Control weeds while they’re small and easy to kill, so they don’t compete with the young trees.

Control weeds while they’re small and easy to kill, so they don’t compete with the young trees.

In a new orchard, weeds have every condition they need to thrive and compete with the trees—full sun, regular moisture, and nutrients. Keep a sharp eye on the weeds right from the start because they can grow 4 to 12 inches in a week and the best time to control them is when they’re small enough to spray and kill with a relatively dilute solution of contact herbicide, says Tim Smith, Washington State University Extension educator for north central Washington.

“You have to be ready to go. If left alone for a few weeks, they’ll completely cover a young tree, and at that point, how are you going to control them? They go from being no problem to being a large problem in two to three weeks because once they get bigger they’re difficult to kill.”

He recommends a low concentration of herbicide, not just a low rate per acre, and says 2, 4-D should be avoided in the summer in young blocks.

Weed control is even more crucial with the smaller sleeping eyes and bench grafts because they are smaller than nursery trees. Smith said several residual herbicide products are available for use in nurseries, and the grower is in effect growing nursery trees when using those types of plants. “It may be an orchard, but you have to use nursery techniques.”

If using grow tubes, check frequently to make sure weeds aren’t growing inside the tubes.

Young trees need to be protected from herbicides where grow tubes are not used. Applying cheap white interior latex paint to the trunks is preferable to wrapping the base of the trunk with paper or plastic because of the risk of insects, such as the dogwood borer or apple clearwing moth, getting inside the wrapper and girdling the trunks. The paint also protects the tender young trees from sunscald in the winter.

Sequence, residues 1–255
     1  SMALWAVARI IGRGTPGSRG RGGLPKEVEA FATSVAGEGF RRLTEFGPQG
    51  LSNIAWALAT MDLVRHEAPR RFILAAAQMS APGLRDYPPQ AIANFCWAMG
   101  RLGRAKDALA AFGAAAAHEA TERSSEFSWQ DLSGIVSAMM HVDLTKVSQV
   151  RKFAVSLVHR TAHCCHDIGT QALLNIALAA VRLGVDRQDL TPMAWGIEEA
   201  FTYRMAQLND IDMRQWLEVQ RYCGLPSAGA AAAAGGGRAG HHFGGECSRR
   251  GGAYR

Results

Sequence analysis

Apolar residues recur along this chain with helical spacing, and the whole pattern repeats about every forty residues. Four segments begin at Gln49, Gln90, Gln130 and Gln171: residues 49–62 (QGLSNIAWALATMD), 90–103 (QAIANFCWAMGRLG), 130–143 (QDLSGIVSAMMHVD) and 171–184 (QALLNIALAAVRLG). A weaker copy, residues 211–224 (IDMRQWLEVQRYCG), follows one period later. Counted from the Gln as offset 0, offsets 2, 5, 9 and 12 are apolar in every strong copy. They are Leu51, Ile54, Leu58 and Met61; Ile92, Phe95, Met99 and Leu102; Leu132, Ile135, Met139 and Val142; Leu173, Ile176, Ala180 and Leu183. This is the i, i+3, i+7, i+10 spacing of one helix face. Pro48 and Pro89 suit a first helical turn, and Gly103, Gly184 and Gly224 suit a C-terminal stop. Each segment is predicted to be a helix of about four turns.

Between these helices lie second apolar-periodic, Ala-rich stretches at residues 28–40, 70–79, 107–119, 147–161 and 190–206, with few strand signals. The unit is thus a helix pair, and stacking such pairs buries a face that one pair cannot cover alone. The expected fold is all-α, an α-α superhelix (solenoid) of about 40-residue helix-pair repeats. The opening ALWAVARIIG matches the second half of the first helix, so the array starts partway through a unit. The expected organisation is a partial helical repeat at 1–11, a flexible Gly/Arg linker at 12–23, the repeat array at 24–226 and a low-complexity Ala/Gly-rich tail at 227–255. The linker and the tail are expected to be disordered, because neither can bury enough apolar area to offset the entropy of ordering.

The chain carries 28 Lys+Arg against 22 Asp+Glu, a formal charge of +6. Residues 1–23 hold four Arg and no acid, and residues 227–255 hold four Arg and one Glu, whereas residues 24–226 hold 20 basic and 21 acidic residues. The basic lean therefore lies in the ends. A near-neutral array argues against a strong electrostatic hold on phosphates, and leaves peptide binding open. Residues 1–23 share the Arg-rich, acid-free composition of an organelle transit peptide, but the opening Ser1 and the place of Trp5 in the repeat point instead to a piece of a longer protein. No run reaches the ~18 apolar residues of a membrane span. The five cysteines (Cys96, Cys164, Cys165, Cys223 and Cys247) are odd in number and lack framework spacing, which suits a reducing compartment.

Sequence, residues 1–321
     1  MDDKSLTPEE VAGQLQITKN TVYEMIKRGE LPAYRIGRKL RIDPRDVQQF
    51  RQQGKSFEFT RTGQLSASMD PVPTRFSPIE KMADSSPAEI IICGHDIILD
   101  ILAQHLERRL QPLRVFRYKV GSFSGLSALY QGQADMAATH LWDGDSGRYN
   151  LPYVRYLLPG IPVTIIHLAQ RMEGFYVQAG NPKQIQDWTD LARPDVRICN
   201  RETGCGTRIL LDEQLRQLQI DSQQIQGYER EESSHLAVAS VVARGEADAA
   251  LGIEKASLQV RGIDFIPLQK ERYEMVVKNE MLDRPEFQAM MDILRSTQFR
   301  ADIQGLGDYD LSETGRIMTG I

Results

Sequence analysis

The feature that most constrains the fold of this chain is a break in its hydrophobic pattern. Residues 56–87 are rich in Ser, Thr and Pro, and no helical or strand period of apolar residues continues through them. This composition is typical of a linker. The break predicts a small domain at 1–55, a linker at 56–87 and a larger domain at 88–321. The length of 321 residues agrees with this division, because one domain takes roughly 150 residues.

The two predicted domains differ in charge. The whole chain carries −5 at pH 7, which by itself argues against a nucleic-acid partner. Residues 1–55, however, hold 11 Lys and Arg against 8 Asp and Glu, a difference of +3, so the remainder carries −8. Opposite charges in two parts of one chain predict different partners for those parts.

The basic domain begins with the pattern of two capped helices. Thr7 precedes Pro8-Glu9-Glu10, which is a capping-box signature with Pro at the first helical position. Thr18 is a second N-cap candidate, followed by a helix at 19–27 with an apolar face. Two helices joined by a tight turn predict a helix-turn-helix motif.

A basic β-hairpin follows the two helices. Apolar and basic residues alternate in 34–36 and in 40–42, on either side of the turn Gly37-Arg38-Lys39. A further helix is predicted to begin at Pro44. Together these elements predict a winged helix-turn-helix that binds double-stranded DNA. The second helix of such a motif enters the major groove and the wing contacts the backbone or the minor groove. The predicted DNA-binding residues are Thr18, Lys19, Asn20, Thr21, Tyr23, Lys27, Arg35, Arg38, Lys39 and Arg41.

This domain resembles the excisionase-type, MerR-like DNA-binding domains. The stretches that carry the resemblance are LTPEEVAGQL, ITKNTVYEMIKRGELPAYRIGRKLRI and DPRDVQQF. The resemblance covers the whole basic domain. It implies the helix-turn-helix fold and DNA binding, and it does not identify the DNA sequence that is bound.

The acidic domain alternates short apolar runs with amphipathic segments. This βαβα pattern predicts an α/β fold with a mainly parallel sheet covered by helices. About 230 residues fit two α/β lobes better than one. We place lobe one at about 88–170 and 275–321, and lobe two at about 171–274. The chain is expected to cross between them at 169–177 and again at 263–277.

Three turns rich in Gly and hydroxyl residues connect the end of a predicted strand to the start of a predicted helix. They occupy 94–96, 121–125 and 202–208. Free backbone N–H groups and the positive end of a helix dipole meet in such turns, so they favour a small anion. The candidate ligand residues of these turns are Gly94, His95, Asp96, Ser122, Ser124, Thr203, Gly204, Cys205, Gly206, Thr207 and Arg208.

The apple clearwing moth is a relatively new pest that has damaged young orchards in British Columbia, Canada, and has been found in northwestern ­Washington.

“Both of these insects love to attack small trees with graft unions that are above the ground, especially if the graft union is damaged in any way,” he warned.

The lack of sprays on young trees also leaves them ­vulnerable to leaf-feeding insects, such as caterpillars. Monitor for damage to make sure infestations don’t get out of hand, Smith advises.

A few aphids are nothing to worry about unless they infest more than the first four or five leaves on the shoot. Predators and parasites will do the job if you are patient, he said. “We haven’t been able to show they do a lot of damage to a young tree that’s otherwise healthy.”

Young trees are also particularly susceptible to ­damage by deer, elk, and voles.


It’s important to control powdery mildew in a new orchard, but don’t overspray, Smith cautions. Every 10 to 14 days during a period of rapid growth on really sensitive varieties should be plenty. In a newly planted orchard, it is sufficient to spray alternate rows or even every third row because of the small size of the trees. Overspraying is a waste of money and can lead to resistance of mildew ­populations to fungicides.

Nursery trees on dwarfing rootstocks will often have flower buds when they’re planted, but they will bloom after the normal bloom period when the weather is warm. Fireblight infections can begin in these blossom clusters and easily kill vulnerable young trees.

“I’ve seen young, newly planted apple orchards ­devastated when they were near a source of fireblight and they had blossoms on them,” Smith said. “Every infected tree is basically a goner and has to be replaced.”

He recommends having a crew walk through the block to snip off blossom clusters to prevent infections during the first season. Spraying is not as effective, and the amount of labor it takes to clip off the blossoms is ­minimal, he said.

Typically, in mid- or late summer of the first year, the ground between the rows is smoothed off so grass seed can be planted for a cover crop. Smith said the grass is easier to establish in August than June or July because of less competition with weeds. The following spring, the grass should grow rapidly and be able to compete with weeds.